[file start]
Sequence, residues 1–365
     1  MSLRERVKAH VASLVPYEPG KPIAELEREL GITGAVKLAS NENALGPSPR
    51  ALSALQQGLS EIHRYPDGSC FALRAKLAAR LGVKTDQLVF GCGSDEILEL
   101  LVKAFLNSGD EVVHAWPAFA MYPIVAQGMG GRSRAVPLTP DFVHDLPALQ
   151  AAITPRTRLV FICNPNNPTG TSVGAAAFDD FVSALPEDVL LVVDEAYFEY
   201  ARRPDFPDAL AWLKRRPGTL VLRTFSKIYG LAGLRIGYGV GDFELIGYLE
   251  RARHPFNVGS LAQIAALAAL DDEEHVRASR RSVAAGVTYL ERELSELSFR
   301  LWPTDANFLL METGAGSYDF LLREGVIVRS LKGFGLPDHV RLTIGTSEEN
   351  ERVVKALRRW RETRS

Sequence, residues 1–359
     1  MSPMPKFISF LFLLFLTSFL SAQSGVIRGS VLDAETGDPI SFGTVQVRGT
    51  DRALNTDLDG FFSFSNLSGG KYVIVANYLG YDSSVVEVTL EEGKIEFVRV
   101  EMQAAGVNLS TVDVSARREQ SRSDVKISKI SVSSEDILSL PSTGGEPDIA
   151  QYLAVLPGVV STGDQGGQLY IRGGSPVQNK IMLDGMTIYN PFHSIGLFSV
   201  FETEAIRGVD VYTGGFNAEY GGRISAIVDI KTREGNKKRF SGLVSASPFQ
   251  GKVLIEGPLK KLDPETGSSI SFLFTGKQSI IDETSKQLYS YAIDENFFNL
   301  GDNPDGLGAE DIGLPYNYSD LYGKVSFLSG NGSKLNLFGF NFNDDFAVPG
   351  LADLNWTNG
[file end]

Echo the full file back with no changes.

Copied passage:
Sequence, residues 1–365
     1  MSLRERVKAH VASLVPYEPG KPIAELEREL GITGAVKLAS NENALGPSPR
    51  ALSALQQGLS EIHRYPDGSC FALRAKLAAR LGVKTDQLVF GCGSDEILEL
   101  LVKAFLNSGD EVVHAWPAFA MYPIVAQGMG GRSRAVPLTP DFVHDLPALQ
   151  AAITPRTRLV FICNPNNPTG TSVGAAAFDD FVSALPEDVL LVVDEAYFEY
   201  ARRPDFPDAL AWLKRRPGTL VLRTFSKIYG LAGLRIGYGV GDFELIGYLE
   251  RARHPFNVGS LAQIAALAAL DDEEHVRASR RSVAAGVTYL ERELSELSFR
   301  LWPTDANFLL METGAGSYDF LLREGVIVRS LKGFGLPDHV RLTIGTSEEN
   351  ERVVKALRRW RETRS

Sequence, residues 1–359
     1  MSPMPKFISF LFLLFLTSFL SAQSGVIRGS VLDAETGDPI SFGTVQVRGT
    51  DRALNTDLDG FFSFSNLSGG KYVIVANYLG YDSSVVEVTL EEGKIEFVRV
   101  EMQAAGVNLS TVDVSARREQ SRSDVKISKI SVSSEDILSL PSTGGEPDIA
   151  QYLAVLPGVV STGDQGGQLY IRGGSPVQNK IMLDGMTIYN PFHSIGLFSV
   201  FETEAIRGVD VYTGGFNAEY GGRISAIVDI KTREGNKKRF SGLVSASPFQ
   251  GKVLIEGPLK KLDPETGSSI SFLFTGKQSI IDETSKQLYS YAIDENFFNL
   301  GDNPDGLGAE DIGLPYNYSD LYGKVSFLSG NGSKLNLFGF NFNDDFAVPG
   351  LADLNWTNG